Urban Issues

Will a Dying City Finally Turn to Immigrants?


Cuyahoga County Treasurer Jim Rokakis, who is based in Cleveland, estimates that new census numbers might show Cleveland's population to be 325,000, a whopping 153,000 drop in 10 years! That would be an average of 15,000 people leaving Cleveland every year.

That’s 1,250 people jumping ship every month,

312 people fleeing the wreckage every week,

45 people evacuating every day, or

2 people running out of Cleveland every hour, 24/7, the whole year, for 10 straight years.  read more »

Midwest Success Stories


Most observers do not associate the Midwest with urban success, but quite the opposite in fact. But while there are plenty of places that are legitimately suffering, there are also plenty of success stories out there that don't always get the mindshare or press they deserve.  read more »

America in 2050 -- Where and How We'll Live


The presence of 100 million more Americans by 2050 will reshape the nation's geography. Scores of new communities will have to be built to accommodate them, creating a massive demand for new housing, as well as industrial and commercial space.

This growth will include everything from the widespread "infilling" of once-desolate inner cities to the creation of new suburban and exurban towns to the resettling of the American heartland -- the vast, still sparsely populated regions that constitute the majority of the U.S. landmass.  read more »

Forced March To The Cities


California is in trouble: Unemployment is over 13%, the state is broke and hundreds of thousands of people, many of them middle-class families, are streaming for the exits. But to some politicians, like Sen. Alan Lowenthal, the real challenge for California "progressives" is not to fix the economy but to reengineer the way people live.  read more »

The Myth of the Strong Center


At the height of the foreclosure crisis the problems experienced by some so-called “sprawl” markets, like Phoenix and San-Bernardino-Riverside, led some observers to see the largest price declines as largely confined to outer ring suburbs. Some analysts who had long been predicting (even hoping for) the demise of the suburbs skipped right over analysis to concoct theories not supported by the data. The mythology was further enhanced by the notion – never proved – that high gas prices were forcing home buyers closer to the urban core.  read more »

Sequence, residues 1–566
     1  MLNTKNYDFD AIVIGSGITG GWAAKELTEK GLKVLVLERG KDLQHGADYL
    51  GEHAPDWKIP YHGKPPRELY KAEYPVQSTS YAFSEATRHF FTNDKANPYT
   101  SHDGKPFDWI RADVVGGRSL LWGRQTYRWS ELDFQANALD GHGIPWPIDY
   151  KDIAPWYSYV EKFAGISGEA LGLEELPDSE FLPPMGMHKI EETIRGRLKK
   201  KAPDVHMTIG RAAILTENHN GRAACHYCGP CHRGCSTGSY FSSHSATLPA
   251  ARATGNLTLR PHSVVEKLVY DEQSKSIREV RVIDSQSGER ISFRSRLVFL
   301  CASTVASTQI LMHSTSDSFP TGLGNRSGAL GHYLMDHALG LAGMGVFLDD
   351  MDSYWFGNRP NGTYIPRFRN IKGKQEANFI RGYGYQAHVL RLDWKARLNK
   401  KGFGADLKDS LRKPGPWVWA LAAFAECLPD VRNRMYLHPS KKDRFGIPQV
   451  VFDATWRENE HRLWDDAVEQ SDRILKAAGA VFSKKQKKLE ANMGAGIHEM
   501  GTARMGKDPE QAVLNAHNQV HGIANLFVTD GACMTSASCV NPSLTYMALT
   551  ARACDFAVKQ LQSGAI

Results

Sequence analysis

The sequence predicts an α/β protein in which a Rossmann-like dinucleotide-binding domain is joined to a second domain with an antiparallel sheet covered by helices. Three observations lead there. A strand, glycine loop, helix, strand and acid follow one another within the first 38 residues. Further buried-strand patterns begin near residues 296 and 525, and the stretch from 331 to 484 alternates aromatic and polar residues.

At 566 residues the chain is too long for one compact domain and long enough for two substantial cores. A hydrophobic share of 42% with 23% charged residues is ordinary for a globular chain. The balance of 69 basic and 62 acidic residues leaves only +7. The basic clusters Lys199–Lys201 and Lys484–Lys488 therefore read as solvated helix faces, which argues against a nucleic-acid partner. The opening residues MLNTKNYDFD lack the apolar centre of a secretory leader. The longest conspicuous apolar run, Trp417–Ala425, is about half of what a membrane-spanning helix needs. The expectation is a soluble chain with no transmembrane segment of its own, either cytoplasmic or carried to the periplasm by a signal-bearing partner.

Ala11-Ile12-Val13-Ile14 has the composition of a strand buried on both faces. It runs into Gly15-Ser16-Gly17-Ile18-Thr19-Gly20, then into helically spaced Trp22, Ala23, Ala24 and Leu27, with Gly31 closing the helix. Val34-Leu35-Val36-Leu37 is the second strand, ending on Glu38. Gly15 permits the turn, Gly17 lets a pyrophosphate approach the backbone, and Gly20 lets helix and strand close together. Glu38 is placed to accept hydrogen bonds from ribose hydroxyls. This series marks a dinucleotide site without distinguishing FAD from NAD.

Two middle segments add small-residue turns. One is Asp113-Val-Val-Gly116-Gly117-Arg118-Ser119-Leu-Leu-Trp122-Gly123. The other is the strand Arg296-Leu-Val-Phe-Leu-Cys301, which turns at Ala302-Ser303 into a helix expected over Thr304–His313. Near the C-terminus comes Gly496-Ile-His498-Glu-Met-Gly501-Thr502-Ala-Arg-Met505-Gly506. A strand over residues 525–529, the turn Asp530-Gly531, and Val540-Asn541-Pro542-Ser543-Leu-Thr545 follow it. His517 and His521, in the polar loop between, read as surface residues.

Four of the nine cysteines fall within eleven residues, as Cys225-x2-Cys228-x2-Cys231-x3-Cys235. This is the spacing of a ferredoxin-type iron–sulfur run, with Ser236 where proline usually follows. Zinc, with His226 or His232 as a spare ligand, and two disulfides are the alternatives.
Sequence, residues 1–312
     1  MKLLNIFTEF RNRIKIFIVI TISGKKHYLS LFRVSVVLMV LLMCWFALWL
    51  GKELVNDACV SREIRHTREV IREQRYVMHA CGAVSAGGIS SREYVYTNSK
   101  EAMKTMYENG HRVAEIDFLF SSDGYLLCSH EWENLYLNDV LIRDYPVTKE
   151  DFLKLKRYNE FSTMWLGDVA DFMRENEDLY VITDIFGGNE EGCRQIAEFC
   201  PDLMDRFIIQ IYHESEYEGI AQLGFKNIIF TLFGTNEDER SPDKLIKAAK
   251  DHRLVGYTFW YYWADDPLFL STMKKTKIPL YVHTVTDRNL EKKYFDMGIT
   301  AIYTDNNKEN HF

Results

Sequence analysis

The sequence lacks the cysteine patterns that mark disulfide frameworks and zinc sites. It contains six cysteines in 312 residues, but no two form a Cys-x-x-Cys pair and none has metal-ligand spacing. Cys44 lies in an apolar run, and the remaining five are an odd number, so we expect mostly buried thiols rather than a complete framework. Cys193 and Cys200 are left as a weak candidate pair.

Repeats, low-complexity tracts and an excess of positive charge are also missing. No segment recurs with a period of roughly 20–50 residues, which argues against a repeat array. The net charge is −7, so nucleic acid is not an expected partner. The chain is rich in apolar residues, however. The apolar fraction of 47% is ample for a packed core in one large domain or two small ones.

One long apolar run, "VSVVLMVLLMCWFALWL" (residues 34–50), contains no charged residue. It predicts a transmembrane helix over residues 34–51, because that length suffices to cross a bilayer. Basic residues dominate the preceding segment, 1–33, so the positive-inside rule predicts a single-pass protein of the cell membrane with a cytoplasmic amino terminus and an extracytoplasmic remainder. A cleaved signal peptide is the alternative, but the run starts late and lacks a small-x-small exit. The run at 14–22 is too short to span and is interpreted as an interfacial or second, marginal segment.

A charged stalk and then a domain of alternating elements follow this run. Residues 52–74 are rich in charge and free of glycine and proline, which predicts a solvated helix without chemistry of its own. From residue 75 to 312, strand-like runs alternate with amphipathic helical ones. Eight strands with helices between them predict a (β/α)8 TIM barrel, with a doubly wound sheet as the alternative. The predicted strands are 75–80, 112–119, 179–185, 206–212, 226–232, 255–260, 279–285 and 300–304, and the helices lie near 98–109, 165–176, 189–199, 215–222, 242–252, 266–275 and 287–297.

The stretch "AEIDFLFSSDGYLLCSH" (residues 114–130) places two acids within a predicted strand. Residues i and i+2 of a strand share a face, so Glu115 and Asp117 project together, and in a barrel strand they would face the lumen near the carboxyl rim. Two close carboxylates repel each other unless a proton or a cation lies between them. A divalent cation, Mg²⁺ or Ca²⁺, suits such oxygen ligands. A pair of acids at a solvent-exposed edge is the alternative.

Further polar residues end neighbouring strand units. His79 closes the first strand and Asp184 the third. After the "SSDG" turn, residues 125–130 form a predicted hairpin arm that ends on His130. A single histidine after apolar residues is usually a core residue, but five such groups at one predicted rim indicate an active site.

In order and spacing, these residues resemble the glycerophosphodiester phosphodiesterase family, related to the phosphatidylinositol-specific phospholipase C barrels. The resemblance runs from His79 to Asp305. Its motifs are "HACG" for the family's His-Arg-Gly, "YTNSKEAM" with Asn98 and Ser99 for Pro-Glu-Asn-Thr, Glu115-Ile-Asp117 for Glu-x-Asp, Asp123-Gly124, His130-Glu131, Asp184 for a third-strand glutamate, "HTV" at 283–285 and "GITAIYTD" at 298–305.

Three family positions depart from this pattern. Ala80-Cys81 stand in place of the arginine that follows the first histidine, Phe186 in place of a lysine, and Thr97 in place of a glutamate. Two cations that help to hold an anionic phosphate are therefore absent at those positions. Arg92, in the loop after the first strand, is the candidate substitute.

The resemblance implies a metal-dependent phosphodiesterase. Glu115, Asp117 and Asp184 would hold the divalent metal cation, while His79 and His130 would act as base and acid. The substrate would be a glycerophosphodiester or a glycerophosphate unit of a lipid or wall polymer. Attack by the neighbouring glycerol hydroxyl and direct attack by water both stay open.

Transit Oriented Development: If Not San Francisco, Where?


“The Great Transit Oriented Development Swindle?” reads the headline in the Fog City Journal, one of the growing number of internet newspapers providing serious, professional web-based journalism as an alternative to declining print newspapers (and their often less than effective web sites).

The article does not directly answer the question in the headline, but certainly provides enough ammunition to what has become a commonly accepted mantra among planners and urban boosters. It reveals how transit oriented development (TOD) is often based upon fragile foundations that amount to an ideological swindle. It is important to recognize that the Fog City Journal is no right wing or libertarian organ. There is little market for that in the city of San Francisco.  read more »

The Forty-Fifth Parallel


When I was a kid growing up in Oregon, we'd occasionally drive north on I-5 to Portland. Just north of Salem we'd pass a sign that read (if memory serves) "The 45th Parallel: Halfway between the equator and the north pole."

I wish I'd stopped and taken a picture of myself straddling the parallel. It would go with a collection of similar straddles: across the equator in Uganda, across the Arctic Circle in Finland, and across the 42nd parallel.  read more »

New Traffic Scorecard Reinforces Density-Traffic Congestion Nexus


Inrix, an industry provider of traffic information, has just published its third annual Traffic Scorecard, which ranks the nation’s 100 largest metropolitan areas based upon the intensity of their peak hour traffic congestion in 2009. The results provide further evidence of the association between higher urban population densities and more intense traffic congestion.

Los Angeles, Again: Not surprisingly, Los Angeles is again the most congested metropolitan area over 1,000,000 population.  read more »

Decentralize The Government


From health care reform and transportation to education to the environment, the Obama administration has--from the beginning--sought to expand the power of the central state. The president's newest initiative to wrest environment, wage and benefit concessions from private companies is the latest example. But this trend of centralizing power to the federal government puts the political future of the ruling party--as well as the very nature of our federal system--in jeopardy.  read more »

Eminent Domain as Central Planning


Free markets are out of vogue. The unfortunate lesson that policymakers have learned over the past two years is that a big, brainy government that supposedly creates jobs is superior to irrational, faceless markets that just create catastrophic errors. So Washington has seized on the financial and economic crises to enlarge its role in managing the economy—controlling the insurance giant AIG, for example, and trying to maintain high housing prices through tax credits and “mortgage modification” programs.  read more »